Abraham's Luggage - gathering data on use in teaching and learning

Elizabeth Lambourn's picture

Dear Colleagues,

please excuse the rather self-serving email but I am dipping a toe into the Uk academic promotions process where I have to prove that my research has had an impact on teaching and learning! Most people produce some dreary conference paper or an article for a pedagogical journal but I have decided to try and prove impact through classroom use.

So, if anyone is using/has used/plans to use a chapter or section of my 2018 book Abraham's Luggage. A Social Life of Things in the Medieval Indian Ocean World for their teaching PLEASE LET ME KNOW by emailing me off-list on elambourn@dmu.ac.uk

Ideally I need to know the level, course name and university, plus which section you're using. I will not name anyone, just give the university name. 

Many thanks,

Elizabeth 

 

Dr. Elizabeth Lambourn, F.R.Hist.S., F.R.A.I

Deputy Director, Institute of Art and Design and Reader (Associate Professor) in South Asian and Indian Ocean Studies

Faculty of Arts, Design and Humanities,

De Montfort University, 

Leicester LE1 9BH, United Kingdom

 

Email: elambourn@dmu.ac.uk              Tel: +44 (0)116 257 7440

ORCID: orcid.org/0000-0002-7815-8081

From: Marc Jason Gilbert, Hawaii Pacific University

Dear Elizabeth,

First, if I may be myself "rather self-serving, as editor of World History Connected, an online affiliate of the World History Association (https://worldhistoryconnected.press.uillinois.edu/index.html) published by the University of Illinois Press, I am looking for research articles and "non-dreary" pedagogical articles on South/Southeast Asia/Indian Ocean studies for the October (17.3) 2020 issue of the journal. Unlike most academic publications, we publish both types of articles to a readership of almost 2 million annually. If you look at the October 2019 Forum articles on Art and World History (16.3) and the new issue just out on Vikings (17.1) you will find many demanding and even exciting examples of scholars using their specialist knowledge to teach more effectively and offer evidence of that success among a wide range of students, including those at an Indian Institute of Technology (Mandi). So, templates abound for sharing and also demonstrating success in the classroom through the use of your own expertise through double-blind peer review publications, which supervisors/administrators increasingly use as evidence to justify their own positions, as well as those of teaching faculty.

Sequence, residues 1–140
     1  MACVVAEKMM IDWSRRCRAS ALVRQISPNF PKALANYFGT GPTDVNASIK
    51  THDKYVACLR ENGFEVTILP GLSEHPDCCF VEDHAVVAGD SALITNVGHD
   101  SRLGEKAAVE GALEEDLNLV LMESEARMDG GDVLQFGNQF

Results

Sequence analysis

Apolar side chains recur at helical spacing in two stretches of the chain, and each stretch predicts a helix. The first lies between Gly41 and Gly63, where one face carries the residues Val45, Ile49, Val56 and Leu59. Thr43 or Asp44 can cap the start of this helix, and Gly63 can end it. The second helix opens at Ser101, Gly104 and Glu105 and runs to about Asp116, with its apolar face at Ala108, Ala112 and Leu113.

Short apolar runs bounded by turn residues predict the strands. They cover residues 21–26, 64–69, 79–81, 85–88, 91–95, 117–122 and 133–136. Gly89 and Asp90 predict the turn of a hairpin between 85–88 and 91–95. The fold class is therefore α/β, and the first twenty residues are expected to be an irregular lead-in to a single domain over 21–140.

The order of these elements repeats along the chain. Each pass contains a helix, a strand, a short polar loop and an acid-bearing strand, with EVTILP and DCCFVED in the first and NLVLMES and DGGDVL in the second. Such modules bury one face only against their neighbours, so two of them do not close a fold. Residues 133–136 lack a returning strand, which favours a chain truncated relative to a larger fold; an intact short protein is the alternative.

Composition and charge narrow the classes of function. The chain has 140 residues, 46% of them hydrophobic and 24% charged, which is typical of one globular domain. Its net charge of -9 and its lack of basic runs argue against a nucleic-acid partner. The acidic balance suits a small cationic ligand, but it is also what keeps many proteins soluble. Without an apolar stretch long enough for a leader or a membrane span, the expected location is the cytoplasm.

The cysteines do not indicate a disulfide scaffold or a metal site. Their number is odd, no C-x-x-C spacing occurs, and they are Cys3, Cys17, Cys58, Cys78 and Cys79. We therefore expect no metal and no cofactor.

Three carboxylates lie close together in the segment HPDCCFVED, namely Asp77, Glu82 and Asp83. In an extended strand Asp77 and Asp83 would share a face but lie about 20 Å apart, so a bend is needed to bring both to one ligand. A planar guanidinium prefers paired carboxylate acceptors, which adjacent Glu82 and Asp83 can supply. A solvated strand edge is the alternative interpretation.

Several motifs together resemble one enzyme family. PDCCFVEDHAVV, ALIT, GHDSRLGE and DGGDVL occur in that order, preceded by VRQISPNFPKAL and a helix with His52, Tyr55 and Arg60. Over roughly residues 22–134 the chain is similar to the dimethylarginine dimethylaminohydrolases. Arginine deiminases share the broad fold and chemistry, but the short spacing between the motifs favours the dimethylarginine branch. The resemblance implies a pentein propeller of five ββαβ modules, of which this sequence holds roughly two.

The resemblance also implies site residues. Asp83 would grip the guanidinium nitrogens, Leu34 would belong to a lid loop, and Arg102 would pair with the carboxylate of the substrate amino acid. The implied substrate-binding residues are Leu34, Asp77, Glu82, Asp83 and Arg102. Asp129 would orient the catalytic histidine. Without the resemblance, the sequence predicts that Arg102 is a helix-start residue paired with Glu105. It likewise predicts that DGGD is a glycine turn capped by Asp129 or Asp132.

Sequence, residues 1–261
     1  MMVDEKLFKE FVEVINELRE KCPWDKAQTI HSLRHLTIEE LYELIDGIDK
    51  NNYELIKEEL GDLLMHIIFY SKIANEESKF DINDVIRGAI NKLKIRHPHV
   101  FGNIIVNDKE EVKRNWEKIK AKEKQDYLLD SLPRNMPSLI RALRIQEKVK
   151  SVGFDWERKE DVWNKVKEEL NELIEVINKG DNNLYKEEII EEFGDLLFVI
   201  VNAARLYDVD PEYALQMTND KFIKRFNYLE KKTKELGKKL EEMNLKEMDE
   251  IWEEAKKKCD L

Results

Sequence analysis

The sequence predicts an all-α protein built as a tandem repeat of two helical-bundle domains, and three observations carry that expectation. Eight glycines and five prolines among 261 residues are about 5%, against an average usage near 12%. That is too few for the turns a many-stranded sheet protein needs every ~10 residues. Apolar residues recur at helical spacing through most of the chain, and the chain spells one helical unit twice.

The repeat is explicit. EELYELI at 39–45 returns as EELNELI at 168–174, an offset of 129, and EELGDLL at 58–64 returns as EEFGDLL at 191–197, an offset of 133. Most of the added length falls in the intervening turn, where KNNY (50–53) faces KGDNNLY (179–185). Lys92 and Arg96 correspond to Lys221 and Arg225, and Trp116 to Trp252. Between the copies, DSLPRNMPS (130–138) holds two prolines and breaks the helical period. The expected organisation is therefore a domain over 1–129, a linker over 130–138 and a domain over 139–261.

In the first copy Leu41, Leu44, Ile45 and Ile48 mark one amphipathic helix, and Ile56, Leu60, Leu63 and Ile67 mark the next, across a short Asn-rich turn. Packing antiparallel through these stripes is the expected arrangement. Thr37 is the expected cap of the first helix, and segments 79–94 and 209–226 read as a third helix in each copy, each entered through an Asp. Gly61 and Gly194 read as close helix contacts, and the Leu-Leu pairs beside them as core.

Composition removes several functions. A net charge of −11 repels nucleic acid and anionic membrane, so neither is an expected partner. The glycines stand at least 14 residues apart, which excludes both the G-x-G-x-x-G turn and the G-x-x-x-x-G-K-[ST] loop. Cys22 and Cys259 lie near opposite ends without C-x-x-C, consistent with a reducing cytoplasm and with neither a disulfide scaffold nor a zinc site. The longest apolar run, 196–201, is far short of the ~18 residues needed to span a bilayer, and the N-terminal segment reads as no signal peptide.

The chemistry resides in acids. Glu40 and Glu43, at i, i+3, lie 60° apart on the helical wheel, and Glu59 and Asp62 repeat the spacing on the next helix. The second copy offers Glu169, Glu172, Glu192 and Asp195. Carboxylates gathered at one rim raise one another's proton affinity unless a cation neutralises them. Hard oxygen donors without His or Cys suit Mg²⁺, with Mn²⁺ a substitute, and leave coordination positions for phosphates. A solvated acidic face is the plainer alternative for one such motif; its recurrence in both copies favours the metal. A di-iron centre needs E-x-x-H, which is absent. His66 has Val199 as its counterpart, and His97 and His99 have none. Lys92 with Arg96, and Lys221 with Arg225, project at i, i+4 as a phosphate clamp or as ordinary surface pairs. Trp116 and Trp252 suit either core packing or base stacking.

If you visit the journal's webpage, you might consider approaching its book review editor to arrange for a review of any of your publications which are contributing to a field many world historians have been taking an interest over the past decade. I myself have just returned from Goa and am working with Ned Bertz and Pedro Pombo to further stimulate interest in the field of the Indian Ocean as nexus, which I began studying many years ago ("The Malda Incident: a Study in Imperial Diplomacy, Local Agency and Indian Nationalism'" Journal of Imperial and Commonwealth History," XIII (1985), 117–38.